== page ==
We are asking you to give us just a few minutes of your time to take part in this unique survey, which will help shape legal aid policy for years – possibly decades – to come.

We all know that the crisis with legal aid did not start with the pandemic – and it won’t end with it, either. Successive governments have failed to address existing problems in the justice system, as years of cuts and underfunding take their toll. There are now just over 2000 organisations across England and Wales with a legal aid contract – a massive reduction in client access in the last decade – and this erosion of access to justice shows no sign of waning.

That is why we are asking for your support to provide the detailed, robust evidence we need to show the current financial and emotional health of the organisations and individuals doing this vital work.

You can access the Legal Aid Census here

Legal Aid Census data will be analysed over the summer and the findings published in the autumn in time for the Treasury Spending Review and to feed into both Sir Christopher Bellamy’s Independent Review of Criminal Legal Aid, and the Westminster Commission Inquiry into the Sustainability of Legal Aid, co-ordinated by the APPG on Legal Aid.

We know there can be no ‘levelling up’ in this country without a properly funded, sustainable justice system. That is why we, the undersigned, are urging you all to take part in LAPG’s unique Legal Aid Census, so we can make the strongest possible case to government of the need for urgent reform of legal aid.

Yours sincerely,

Chilli Reid, Executive Director, AdviceUK

Claire Green, Chair, Association of Cost Lawyers

Hannah Perry and Siobhan Kelly, co-chairs, Association of Lawyers for Children

Rikki Garg, Chair, Association of Prison Lawyers

Natasha Shotunde, Chair, Black Barristers’ Network

Joe Mensah-Dankwah, Serving Director of the Black Solicitors Network

Daniel Bonich, Chair, Criminal Law Solicitors Association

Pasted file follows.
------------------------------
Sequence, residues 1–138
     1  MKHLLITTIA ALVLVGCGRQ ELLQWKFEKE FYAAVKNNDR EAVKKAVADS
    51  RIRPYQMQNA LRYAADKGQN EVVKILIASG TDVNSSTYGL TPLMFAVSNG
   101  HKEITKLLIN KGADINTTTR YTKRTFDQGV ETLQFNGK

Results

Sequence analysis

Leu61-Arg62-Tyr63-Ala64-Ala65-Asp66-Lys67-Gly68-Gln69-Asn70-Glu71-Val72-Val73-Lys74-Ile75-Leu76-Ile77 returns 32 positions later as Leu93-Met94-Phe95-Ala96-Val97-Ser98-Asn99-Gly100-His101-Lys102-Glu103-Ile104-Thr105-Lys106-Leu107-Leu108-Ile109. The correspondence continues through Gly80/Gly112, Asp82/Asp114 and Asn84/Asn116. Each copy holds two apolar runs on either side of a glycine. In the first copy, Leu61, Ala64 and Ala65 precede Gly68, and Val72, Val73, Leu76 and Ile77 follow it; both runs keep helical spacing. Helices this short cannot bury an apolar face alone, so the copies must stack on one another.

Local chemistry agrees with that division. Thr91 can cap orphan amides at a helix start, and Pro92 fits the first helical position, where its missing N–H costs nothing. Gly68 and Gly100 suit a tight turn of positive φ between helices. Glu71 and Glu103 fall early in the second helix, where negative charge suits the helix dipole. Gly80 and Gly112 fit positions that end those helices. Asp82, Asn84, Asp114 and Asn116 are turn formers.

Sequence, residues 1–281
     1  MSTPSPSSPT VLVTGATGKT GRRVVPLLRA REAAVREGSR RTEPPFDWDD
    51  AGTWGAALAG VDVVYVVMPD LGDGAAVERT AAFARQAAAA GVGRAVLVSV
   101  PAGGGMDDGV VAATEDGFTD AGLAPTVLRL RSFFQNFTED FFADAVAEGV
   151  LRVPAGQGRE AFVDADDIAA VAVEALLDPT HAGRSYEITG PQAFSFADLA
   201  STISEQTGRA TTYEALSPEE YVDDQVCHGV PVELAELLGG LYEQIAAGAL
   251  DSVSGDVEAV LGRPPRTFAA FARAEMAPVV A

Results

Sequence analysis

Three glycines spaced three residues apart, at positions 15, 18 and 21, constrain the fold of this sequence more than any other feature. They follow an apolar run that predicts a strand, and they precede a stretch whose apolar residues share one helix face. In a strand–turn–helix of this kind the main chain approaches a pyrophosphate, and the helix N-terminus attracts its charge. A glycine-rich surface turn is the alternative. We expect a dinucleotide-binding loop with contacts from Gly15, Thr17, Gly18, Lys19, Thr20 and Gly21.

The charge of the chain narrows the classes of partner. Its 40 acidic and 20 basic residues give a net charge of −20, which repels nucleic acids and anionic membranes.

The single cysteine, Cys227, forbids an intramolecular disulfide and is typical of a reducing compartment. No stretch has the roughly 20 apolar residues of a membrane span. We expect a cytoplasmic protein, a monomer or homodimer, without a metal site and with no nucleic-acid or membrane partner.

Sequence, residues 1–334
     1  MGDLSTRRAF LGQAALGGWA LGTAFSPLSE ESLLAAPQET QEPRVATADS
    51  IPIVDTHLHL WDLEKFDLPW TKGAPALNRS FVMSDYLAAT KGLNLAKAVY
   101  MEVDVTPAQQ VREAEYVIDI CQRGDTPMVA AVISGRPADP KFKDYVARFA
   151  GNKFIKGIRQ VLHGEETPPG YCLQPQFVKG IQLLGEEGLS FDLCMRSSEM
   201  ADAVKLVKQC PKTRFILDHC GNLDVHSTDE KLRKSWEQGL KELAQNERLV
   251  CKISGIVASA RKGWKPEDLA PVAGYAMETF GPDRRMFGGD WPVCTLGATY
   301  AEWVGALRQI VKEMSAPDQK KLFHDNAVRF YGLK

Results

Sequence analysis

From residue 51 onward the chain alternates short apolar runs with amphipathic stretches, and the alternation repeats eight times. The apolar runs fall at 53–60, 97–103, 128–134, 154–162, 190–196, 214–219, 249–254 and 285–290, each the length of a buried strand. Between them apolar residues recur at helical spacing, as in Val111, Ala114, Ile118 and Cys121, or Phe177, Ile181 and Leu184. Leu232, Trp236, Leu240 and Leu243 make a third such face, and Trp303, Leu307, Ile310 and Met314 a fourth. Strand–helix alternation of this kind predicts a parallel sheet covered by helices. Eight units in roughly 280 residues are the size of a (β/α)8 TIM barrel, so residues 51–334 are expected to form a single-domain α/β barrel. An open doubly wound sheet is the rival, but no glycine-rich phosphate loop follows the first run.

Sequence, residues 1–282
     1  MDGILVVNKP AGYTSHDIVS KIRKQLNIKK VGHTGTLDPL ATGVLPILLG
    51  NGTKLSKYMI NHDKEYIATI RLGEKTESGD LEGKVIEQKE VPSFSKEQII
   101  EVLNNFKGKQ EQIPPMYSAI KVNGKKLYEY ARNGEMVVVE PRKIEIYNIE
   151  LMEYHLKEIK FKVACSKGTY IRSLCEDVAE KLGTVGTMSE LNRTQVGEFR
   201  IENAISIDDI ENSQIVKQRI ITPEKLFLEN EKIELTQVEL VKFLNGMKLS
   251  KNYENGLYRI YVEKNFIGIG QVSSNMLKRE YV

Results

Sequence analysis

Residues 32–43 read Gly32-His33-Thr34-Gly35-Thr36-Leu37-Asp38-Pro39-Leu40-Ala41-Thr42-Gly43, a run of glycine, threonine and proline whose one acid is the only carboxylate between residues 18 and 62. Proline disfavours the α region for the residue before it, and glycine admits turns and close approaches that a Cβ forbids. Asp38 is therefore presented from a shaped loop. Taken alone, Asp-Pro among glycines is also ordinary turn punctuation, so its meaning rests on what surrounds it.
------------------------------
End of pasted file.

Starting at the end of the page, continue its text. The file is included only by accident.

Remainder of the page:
Henrietta Hill QC and Tim Moloney QC, Doughty Street Chambers

Cyrus Larizadeh QC, Chairman, Family Law Bar Association

Liz Davies, Stephanie Harrison QC and Rajiv Menon QC, Garden Court Chambers

Simon Mullings and Marina Sergides, Co-Chairs of Housing Law Practitioners Association

Sonia Lenegan, Legal Director, Immigration Law Practitioners’ Association

Cris McCurley, Regional Vice President, International Federation of Women Lawyers (FIDA)

Julie Bishop, Director, Law Centres Network

Manda Banerji Chair, Law Society Junior Lawyers Division

Sue James, Director, Legal Action Group

Nicola Mackintosh QC (Hon) and Jenny Beck QC (Hon), co-chairs, Legal Aid Practitioners Group

Legal Sector Workers United

Khristian Khan, Chief Executive, and Gerald Rivett, Chairman, Liverpool Community Advice

Mark Troman, President, London Criminal Court Solicitors’ Association

Philippa Kaufmann QC, Chair of the Management Committee, Matrix Chambers

Kate Tyrrell, Chair, Mental Health Lawyers Association

Jo Hickman, Director, Public Law Project

Elspeth Thomson and Emma Cordock, Legal Aid Committee co-chairs, Resolution

Mark Bowden, Head of Legal Services and Chris Walton, Deputy Head of Legal Services, Shelter

Attiq Malik, Secretary, Society of Asian Lawyers

Derek Sweeting QC, Chair, The Bar Council

James Mulholland QC, Chair, The Criminal Bar Association

Barry Tucker, Franklin Sinclair, Jim Meyer, James Turner, Richard Egan and Richard Atkinson, Directors, Tuckers Solicitors

Lucie Boase, Katie McFadden, Oliver Persey, co-chairs, Young Legal Aid Lawyers